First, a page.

Sean Dyche won’t try to compete with Sir Alex Ferguson’s gift for Arsene Wenger
Dyche is more likely to offer the Arsenal boss a pint.
Burnley will not attempt to compete with Sir Alex Ferguson’s leaving present for Arsene Wenger, but manager Sean Dyche has promised his side will be worthy opponents at the Emirates.
Wenger received an unusually warm welcome and a commemorative silver vase from his old rival Ferguson ahead of last week’s defeat at Old Trafford and will lead the Gunners on home turf for the final time on Sunday.
The Clarets will form a guard of honour before the match, but Dyche has no plans to outgun United’s memento.
“I couldn’t see what it was, but knowing the class of Manchester United…if it was a vase I’d be thinking maybe not from a chain store,” he joked.
“There’s a fair shout Sir Alex’s wine cost more than the vase. I’m a lager man. From these parts it would be a pint.”
Dyche went on to ponder the merits of the East Lancashire speciality Benedectine and hot water, but whatever the toast at the end of the match there is no suggestion Burnley will be distracted by what could be an unusual atmosphere.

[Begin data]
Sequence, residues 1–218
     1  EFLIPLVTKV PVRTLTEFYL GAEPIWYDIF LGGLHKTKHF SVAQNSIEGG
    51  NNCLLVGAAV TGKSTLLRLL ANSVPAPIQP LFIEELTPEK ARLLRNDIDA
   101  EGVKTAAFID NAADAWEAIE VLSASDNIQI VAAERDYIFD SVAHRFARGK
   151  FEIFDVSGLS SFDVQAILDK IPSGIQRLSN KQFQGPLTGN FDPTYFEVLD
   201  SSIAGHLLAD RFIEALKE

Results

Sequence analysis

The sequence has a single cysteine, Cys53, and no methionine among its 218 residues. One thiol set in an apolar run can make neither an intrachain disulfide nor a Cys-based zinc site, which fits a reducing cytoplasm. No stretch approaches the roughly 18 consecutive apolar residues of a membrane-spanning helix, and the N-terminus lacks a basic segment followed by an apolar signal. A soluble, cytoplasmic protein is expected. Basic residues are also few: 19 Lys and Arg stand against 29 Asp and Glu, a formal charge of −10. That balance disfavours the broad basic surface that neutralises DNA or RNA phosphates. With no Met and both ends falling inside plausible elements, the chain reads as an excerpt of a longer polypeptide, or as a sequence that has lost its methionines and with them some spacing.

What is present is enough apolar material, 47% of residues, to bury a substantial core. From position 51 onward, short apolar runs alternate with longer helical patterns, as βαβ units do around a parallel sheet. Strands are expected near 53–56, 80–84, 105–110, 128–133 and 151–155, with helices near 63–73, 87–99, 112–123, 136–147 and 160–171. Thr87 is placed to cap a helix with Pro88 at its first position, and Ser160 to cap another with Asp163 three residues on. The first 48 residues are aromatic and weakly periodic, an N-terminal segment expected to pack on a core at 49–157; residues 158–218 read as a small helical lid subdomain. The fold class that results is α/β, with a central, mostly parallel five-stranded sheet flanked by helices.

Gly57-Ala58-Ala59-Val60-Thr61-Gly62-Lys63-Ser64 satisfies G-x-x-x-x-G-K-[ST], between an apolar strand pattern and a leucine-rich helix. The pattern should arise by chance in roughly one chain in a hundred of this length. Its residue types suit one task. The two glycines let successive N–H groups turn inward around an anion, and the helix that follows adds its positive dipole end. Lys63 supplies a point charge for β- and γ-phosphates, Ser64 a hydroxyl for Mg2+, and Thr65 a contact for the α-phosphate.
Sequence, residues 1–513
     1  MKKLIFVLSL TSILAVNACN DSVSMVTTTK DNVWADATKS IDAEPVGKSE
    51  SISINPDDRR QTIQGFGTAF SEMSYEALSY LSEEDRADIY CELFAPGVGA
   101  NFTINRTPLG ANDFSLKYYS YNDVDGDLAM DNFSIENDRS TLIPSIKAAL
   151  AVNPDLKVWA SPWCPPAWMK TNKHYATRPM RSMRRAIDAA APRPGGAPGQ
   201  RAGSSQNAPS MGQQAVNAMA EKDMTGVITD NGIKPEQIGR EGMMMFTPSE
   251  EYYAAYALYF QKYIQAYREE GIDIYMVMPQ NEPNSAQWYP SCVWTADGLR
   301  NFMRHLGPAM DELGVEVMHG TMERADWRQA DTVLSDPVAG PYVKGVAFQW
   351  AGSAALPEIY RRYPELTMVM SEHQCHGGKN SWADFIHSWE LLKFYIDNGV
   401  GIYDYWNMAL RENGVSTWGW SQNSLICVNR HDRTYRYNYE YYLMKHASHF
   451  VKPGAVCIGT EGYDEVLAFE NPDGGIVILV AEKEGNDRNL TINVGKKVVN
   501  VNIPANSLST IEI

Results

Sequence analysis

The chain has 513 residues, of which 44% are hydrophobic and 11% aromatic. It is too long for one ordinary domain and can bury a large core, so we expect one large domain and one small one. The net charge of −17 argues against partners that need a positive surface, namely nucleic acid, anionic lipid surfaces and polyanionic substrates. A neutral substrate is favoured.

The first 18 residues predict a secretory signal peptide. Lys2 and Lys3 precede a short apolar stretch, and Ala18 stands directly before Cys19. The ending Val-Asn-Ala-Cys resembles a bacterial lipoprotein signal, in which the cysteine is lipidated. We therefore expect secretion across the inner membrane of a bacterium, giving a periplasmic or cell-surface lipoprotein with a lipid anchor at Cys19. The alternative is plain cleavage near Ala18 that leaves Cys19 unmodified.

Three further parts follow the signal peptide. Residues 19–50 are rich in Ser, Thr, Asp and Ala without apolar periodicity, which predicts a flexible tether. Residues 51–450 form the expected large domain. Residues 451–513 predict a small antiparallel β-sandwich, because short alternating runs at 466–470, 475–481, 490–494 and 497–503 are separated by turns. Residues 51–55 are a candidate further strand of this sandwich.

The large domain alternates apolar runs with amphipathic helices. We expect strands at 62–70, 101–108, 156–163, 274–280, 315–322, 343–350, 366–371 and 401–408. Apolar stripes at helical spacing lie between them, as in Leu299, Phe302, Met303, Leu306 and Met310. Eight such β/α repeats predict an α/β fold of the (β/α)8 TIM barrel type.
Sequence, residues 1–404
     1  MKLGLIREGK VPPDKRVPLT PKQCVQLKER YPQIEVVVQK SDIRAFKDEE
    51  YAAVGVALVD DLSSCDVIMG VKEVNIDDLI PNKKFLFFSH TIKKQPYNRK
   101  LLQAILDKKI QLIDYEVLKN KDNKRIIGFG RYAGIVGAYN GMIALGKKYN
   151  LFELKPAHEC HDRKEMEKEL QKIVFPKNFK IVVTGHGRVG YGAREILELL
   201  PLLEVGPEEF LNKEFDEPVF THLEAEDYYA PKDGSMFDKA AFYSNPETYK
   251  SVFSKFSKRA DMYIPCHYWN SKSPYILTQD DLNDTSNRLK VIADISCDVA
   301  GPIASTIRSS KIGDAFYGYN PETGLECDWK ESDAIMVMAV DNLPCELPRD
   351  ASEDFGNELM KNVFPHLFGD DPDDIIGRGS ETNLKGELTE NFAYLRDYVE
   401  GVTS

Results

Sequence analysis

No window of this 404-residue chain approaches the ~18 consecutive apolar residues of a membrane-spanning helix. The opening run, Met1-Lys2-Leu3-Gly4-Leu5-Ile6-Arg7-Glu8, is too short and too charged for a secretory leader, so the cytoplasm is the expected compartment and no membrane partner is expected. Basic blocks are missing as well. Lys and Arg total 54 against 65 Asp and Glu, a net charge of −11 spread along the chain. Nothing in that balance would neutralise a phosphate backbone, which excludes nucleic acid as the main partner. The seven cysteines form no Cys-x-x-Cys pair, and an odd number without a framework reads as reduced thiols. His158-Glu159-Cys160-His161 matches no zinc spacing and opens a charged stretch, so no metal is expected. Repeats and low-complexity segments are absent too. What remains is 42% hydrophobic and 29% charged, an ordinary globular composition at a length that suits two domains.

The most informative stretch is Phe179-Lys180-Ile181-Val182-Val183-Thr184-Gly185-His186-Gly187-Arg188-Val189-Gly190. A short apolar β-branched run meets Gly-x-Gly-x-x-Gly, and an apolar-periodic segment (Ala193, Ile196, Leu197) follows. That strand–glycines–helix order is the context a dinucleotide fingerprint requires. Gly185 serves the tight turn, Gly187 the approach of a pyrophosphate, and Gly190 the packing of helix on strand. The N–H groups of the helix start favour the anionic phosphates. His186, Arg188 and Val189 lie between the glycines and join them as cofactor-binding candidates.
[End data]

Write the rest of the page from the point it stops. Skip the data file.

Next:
“We’ve made the players aware there’ll be a lot going on and rightly so,” he said.
“Massive respect to Arsene Wenger, but when the whistle blows it’s all out the window. It’s a real game of football. We want as many points as possible.”
When the Frenchman does vacate the dugout, Dyche will move up a place to become the second longest-serving boss in the top flight behind the man he replaced at Turf Moor, Bournemouth’s Eddie Howe.
Despite taking Burnley from Championship also-rans to the brink of Europa League football, he is not expecting to challenge Wenger’s two-decade reign.
“I think it’s changed, even here,” he said.
“I think I’m well thought of by the board and by the fans but it changes. Eventually my rhetoric will get boring, what we go on about will get boring and the model of the club will get boring.
“Not because I’m being negative but because life is changing.
“Whether it’s buying, selling, kids at school, parenting, football, behaviour. It’s all changing and usually the patience level is getting less and less.”